Historically, Babylon fell to the Medes and the Persians in 539 BC which brought Babylonian rule to an end and Daniel 5:30 and 8:20 confirms that this kingdom is the Medo-Persian kingdom. This duopoly is represented by two body parts; the chest and arms which are of silver. An interesting side note is that Greece was one of the first countries/empires to introduce coins as currency. The basic unit of their currency was the Drachma and there were subunits of it. They were all made of silver. Athens had large silver mines at Laurium.
The empire also known as the Achaemenid Empire by its founder, Cyrus the Great, existed from 539 to 330 BC and lasted 209 years.
Thighs Belly of Bronze
Alexander the Great of Greece conquered the Medo-Persian empire in 330 BC and installed the Greek language and culture throughout the then known world. This is represented in the statue as Belly of Bronze which is confirmed by Daniel in two subsequent visions 8:21 and 10:20 as being the Greek empire. Also of interest, is that Greek soldiers carried shields covered in bronze and all of their armour and helmet were made of bronze. The Greek empire collapsed in 146 BC.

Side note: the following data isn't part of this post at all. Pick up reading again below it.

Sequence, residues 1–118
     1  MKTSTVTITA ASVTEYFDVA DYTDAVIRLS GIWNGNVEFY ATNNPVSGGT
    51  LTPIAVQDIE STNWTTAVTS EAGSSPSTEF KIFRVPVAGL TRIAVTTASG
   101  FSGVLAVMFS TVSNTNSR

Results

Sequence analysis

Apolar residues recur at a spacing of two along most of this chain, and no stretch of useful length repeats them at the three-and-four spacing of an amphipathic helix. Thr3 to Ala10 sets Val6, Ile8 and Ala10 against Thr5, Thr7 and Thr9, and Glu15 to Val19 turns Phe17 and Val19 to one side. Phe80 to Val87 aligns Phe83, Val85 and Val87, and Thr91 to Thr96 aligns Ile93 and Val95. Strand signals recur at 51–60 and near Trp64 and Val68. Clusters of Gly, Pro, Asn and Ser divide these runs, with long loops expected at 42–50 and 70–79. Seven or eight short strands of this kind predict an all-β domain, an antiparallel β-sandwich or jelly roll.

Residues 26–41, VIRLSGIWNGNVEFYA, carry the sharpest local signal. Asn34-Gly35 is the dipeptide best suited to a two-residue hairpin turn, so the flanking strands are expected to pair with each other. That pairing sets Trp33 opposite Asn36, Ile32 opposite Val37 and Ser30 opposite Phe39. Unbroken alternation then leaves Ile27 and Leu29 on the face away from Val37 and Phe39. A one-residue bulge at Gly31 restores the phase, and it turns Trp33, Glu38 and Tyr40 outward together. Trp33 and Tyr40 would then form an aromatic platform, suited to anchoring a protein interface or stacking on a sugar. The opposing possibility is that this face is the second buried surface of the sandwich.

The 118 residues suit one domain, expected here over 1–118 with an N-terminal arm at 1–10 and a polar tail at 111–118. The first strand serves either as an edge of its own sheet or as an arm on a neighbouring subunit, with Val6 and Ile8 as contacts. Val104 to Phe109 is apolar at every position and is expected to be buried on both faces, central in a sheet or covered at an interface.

The Greek empire existed from 330 to 146 BC, a total of 184 years.
Legs of Iron
The Battle of Corinth in 146 BC marked the end of the Greek empire with Rome being the victor. Rome controlled a larger part of the world than any of its predecessors and Rome ruled with a “fist of iron.” On Nebuchadnezzar’s statue, the legs of iron are representative of the Roman empire. Another interesting aspect of this depiction is that the empire became split into two political areas, the Western empire ruled from Rome and the Eastern empire ruled from Constantinople. This is consistent with two legs of iron. By 476 AD Rome had disintegrated
Rome ruled from 146 BC to AD 476, a total of 621 years as there was no year zero.
Feet of Iron and Clay
Daniel gives the meaning to this last part of the statue (2:41-43):
41 Just as you saw that the feet and toes were partly of baked clay and partly of iron, so this will be a divided kingdom; yet it will have some of the strength of iron in it, even as you saw iron mixed with clay. 42 As the toes were partly iron and partly clay, so this kingdom will be partly strong and partly brittle. 43 And just as you saw the iron mixed with baked clay, so the people will be a mixture and will not remain united, any more than iron mixes with clay.